Ministry of Economic Affairs officials said yesterday that an international investment conference set for October will proceed despite reports that several firms may have declined invitations to attend.
A Chinese-language newspaper reported yesterday that several multinational corporations including Dell Computer, DuPont, Applied Materials and Sony Corp had refused to attend the conference because of the SARS outbreak here.
"I don't agree with the report," said Angela Chu (
"The conference is in October, which is still a long away, and by then SARS should be under control," Chu said. She refused to elaborate further.
But a source at the ministry, speaking on condition of anonymity, said that companies were turning down invitations to attend, but not because of the SARS outbreak.
"Companies refusing to attend did so because of tight scheduling," the official said. "Many of the invitees are business tycoons and industry professionals from various international corporations, whose agendas were already fixed a year ago."
The conference, entitled the "2003 Taiwan Business Alliance Conference," is slated to be held at the Taipei International Convention Center from Oct. 19 to Oct. 22.
CEOs from more than 600 multinational corporations and local business heavyweights from various industries have been invited to the four-day event.
The conference, an idea that President Chen Shui-bian (
Attracting foreign investment is a policy priority, Chen said in a DPP meeting in January.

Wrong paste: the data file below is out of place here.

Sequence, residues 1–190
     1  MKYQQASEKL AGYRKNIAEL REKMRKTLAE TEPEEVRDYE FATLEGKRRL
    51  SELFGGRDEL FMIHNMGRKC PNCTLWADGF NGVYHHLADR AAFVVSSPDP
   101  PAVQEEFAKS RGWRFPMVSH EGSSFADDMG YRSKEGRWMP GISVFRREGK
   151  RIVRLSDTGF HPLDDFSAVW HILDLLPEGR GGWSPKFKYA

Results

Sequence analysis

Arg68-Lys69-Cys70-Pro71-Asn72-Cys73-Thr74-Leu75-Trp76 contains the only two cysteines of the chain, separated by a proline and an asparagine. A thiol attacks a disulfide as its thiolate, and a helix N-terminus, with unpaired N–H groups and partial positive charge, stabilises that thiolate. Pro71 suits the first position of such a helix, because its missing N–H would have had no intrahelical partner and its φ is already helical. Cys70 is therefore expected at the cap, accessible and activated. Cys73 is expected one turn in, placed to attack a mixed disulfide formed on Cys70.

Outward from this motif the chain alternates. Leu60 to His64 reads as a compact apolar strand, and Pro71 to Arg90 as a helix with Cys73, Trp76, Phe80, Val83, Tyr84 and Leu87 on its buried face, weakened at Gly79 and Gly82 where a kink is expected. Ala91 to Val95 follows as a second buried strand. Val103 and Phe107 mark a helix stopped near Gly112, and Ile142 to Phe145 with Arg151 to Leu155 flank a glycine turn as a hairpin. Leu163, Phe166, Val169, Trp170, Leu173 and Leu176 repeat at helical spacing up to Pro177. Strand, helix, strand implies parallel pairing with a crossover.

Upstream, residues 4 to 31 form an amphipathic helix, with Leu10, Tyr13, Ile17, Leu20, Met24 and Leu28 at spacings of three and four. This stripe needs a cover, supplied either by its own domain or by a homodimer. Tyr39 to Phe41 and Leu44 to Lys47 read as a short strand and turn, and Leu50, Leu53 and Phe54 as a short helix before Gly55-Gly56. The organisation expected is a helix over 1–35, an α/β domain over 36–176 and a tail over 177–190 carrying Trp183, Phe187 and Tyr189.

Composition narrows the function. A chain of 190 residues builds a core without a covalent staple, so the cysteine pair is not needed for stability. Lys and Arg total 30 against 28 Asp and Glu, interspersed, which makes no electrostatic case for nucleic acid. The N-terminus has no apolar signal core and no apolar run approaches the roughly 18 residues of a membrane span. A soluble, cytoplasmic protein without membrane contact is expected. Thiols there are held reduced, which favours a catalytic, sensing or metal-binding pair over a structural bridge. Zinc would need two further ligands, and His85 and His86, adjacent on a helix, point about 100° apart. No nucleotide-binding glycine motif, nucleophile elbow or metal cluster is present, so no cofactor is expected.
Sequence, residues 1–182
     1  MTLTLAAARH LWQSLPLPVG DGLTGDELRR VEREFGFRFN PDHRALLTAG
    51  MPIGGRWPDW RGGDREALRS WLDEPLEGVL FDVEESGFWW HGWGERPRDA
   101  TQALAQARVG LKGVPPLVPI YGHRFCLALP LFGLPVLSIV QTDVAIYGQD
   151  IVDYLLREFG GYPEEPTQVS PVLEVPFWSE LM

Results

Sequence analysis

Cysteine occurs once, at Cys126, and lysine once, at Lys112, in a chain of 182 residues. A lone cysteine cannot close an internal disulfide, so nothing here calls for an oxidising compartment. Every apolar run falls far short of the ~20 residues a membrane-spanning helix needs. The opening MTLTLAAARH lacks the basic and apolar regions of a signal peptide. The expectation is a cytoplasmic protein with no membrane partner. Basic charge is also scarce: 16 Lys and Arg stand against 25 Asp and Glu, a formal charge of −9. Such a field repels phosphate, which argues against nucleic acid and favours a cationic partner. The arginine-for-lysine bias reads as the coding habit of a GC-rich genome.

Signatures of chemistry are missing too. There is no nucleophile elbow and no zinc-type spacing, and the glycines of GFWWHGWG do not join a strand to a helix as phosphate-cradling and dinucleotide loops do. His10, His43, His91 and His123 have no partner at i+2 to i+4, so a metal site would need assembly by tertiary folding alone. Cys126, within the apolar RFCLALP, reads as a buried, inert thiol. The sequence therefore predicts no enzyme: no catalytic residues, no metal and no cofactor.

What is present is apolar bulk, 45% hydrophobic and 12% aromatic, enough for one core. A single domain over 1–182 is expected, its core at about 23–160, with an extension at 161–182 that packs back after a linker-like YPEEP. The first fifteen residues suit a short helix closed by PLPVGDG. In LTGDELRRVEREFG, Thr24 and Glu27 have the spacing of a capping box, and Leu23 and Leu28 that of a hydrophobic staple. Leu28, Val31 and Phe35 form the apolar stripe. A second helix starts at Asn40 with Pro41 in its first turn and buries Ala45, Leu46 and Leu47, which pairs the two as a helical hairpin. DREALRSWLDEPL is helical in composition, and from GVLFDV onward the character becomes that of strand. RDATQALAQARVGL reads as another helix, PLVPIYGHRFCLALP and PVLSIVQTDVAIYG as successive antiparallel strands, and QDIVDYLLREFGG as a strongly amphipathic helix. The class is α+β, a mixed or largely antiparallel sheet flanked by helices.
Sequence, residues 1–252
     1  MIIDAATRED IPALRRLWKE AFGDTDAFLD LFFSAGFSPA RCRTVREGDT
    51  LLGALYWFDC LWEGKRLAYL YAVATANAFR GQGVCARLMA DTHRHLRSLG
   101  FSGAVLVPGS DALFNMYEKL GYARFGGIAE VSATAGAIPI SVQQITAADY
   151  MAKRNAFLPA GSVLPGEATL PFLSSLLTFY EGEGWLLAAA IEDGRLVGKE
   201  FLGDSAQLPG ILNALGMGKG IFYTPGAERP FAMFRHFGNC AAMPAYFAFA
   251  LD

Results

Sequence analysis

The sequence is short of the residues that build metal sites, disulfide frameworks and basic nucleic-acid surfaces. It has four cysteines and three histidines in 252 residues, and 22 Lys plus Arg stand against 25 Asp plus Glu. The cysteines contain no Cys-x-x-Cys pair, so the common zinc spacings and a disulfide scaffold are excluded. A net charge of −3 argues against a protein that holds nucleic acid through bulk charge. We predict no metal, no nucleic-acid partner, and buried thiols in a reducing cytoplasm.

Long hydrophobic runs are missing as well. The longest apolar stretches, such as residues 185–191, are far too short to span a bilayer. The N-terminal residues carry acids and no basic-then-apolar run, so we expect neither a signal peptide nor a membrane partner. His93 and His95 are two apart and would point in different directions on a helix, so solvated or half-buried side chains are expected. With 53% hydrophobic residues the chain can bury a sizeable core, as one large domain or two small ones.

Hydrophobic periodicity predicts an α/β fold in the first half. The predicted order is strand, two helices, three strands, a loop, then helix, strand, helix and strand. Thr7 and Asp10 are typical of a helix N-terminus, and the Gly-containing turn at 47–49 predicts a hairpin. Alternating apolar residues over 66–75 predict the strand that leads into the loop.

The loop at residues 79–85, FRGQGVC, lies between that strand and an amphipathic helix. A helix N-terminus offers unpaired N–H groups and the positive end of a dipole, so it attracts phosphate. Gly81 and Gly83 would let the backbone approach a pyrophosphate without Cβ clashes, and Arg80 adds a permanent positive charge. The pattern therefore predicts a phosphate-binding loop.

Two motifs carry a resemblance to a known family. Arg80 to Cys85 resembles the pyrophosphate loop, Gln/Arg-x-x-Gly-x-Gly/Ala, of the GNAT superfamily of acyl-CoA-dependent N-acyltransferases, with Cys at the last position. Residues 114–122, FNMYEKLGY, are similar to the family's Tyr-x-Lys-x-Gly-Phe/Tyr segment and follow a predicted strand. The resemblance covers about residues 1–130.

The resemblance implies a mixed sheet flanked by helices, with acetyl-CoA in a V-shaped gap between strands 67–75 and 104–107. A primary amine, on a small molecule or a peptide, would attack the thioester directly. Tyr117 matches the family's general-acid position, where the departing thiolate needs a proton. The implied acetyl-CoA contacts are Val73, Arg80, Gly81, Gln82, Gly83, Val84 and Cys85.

Sony Taiwan Ltd agreed that scheduling was a problem.
"Our CEO, Mr. Nobuyuki Idei, can't make it because his schedule is full during that period -- not because of SARS fears," Sony senior manager Sophie Tsai (
Tsai said Sony will send a replacement to participate in the conference if the ministry invites another Sony official.
Dell Computer branches in Taiwan and in Singapore declined to comment on the issue.
The ministry refused to confirm the number of participants. A final list of participants would be revealed at start of the conference to avoid creating trouble for these companies' branches in China, Chu said.
Foreign investment in Taiwan amounted US$3.27 billion last year, a decline of 36 percent from a year earlier, and US$600.15 million in the first quarter of this year, down 20.78 percent from the previous year, according to the ministry's statistics.
"Increasing foreign investment is a consistent government policy, and we'll try our best to carry out the mission," Chu said.